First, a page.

For many people, a traditional funeral held in a crematorium or other religious building is the most obvious choice for a loved one. However, there is now increased focus on the environment and green living which is bringing about a change. The number of people looking at greener funeral options is increasing.
Natural burials are on the increase, as are the number of woodland burial sites. In this post we’ll explore the idea of laying a loved one to rest surrounded by trees and wildflowers and why this type of green funeral is becoming an increasingly attractive option for families to say goodbye.
What is a woodland burial?
You often see woodland burials referred to as a natural burial or green funeral. A woodland burial is an environmentally-friendly alternative to a more traditional burial or cremation. Quite often, this type of funeral is held in a woodland, surrounded by countryside.
Most woodland burial sites offer several options, for example, a burial plot, burial, or scattering of ashes.
To minimise the environmental impact, this more natural style of funeral uses biodegradable coffins and prohibits embalming. The burial sites are designed to preserve the existing natural habitat and the species that live there.
Woodlands are not the only location for a green funeral. Some sites use orchards, farmland, or meadows.
What happens at a woodland burial?
A woodland burial is one of the more flexible types of funeral services. There is no traditional order of service to follow and no need for funeral hymns or religious readings, unless this is what you want.
The ceremony can take many different forms. Some people choose not to hold a ceremony at all. Instead, they make a memory walk through the woodland burial ground to where their loved one’s memorial will be placed. Part of the ceremony includes sharing moments of remembrance with close family and friends.
Some woodland burial sites have a building or service centre where you can hold a service if you desire. Many natural burial sites also have special areas for outdoor wakes. Often there will be a large tent, yurt, or gazebo.
There is no need to follow any protocol. There will be site guidelines you’ll have to respect, but these tend to focus on protecting the site. Apart from that, you can be as flexible as you wish.
A popular option after a woodland burial service is to scatter wildflower seeds and turn the grave into a natural flower bed that bees and butterflies are drawn to.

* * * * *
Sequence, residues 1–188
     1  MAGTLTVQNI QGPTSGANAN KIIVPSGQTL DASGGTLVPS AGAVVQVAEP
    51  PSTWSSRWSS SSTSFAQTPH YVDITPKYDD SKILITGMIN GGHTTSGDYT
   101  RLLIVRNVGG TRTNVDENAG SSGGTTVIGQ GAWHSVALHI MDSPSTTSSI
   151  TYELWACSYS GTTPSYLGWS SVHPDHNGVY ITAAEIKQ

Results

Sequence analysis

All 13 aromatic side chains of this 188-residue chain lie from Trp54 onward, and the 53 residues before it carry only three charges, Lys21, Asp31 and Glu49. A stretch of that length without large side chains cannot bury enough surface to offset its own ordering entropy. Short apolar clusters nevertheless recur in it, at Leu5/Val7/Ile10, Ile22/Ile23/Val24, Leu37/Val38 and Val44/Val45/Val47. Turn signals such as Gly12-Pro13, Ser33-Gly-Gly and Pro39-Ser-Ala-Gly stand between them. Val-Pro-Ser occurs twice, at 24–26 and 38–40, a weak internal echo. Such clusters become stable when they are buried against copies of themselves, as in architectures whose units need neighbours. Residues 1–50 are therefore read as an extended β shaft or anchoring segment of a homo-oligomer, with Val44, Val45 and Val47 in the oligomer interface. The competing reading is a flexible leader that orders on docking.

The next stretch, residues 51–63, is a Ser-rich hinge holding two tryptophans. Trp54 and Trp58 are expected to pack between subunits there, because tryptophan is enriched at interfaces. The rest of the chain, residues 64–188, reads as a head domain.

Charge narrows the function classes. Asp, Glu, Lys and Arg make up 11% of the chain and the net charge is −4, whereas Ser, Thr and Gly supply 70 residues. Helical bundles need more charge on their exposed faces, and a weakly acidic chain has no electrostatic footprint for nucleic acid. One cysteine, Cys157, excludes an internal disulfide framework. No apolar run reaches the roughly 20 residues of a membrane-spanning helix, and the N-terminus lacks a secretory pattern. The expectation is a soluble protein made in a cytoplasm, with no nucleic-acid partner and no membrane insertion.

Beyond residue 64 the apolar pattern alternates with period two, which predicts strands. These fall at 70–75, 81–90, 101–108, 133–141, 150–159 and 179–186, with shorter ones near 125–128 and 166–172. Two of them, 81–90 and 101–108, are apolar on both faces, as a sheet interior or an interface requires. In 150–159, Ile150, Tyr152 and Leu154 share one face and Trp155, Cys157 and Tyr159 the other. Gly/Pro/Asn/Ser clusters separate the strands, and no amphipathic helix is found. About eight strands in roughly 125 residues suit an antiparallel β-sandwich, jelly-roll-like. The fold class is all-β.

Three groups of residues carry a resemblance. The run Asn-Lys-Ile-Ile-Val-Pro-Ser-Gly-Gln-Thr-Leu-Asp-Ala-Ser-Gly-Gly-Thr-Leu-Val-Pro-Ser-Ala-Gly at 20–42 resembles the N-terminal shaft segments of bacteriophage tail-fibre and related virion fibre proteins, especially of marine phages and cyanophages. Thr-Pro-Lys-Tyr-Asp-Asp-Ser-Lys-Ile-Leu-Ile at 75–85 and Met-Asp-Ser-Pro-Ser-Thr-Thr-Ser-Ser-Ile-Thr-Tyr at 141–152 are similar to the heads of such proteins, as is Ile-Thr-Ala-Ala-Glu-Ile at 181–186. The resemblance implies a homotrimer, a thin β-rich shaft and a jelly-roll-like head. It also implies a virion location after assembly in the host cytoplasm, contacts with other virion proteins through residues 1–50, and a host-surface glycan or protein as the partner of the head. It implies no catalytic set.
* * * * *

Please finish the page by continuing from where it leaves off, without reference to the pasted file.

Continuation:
Natural burial grounds in the UK
There are woodland burial sites across the UK, all of which are very different. Natural burials are largely unregulated in the UK, however, sites that belong to the Association of Natural Burial Grounds are bound by their code of conduct. The code aims to ensure the highest professional and environmental standards.
Members pay a membership fee and this money helps to fund the work of the Natural Death Centre Charity, both helping and advising individual family's and assisting new burial grounds to become established.
In addition, the Natural Death Centre runs The People’s Awards for the best Natural Burial Ground in the UK. These awards celebrate the personal attention to detail and support given by staff at natural burial grounds.
You can also find a wealth of useful information about woodland burial sites by visiting the Woodland Burial Trust website.
The cost of a woodland burial
When it comes to funeral costs, a woodland burial can cost as little as a few hundred pounds or as much as several thousand. It very much depends on the cost of the burial plot, the service involved, the coffin, and other arrangements such as transport, flowers, and whether there will be a memorial.
To give you an idea of what you might pay here are a couple of examples:
- A single burial plot at Brocklands Woodland Burial Site in North Yorkshire is £480, plus a £590 interment fee.
- Single burial space at the Woodland Trust is £900,
- A burial plot in Dalton Natural Woodland Burial Ground is £1195.
Coffins suitable for a woodland burial
Most woodland burial sites offer coffins in a range of materials such as cardboard, bamboo, wool, willow, wicker, or banana leaves. A biodegradable coffin costs on average between £100 and £1,000. Cardboard is usually at the lower end of the scale, while wool is the most expensive.
A shroud can also be used if people prefer to see their loved one wrapped in soft fabric instead of a coffin, or for religious reasons. Typical materials include muslin, silk, hemp, or cotton.
Interring the ashes of a loved one
It is possible to be cremated and give the ashes a permanent resting place in a woodland burial ground. This is called an interment of ashes. This can be a good way of waiting to hold a service until everyone feels ready. Intering ashes is also more affordable than burial at a woodland burial site. The urn would have to be made of biodegradable material.
The decision to inter the ashes of a loved one is a very personal one. See our complete guide to the interment of ashes for the various options available.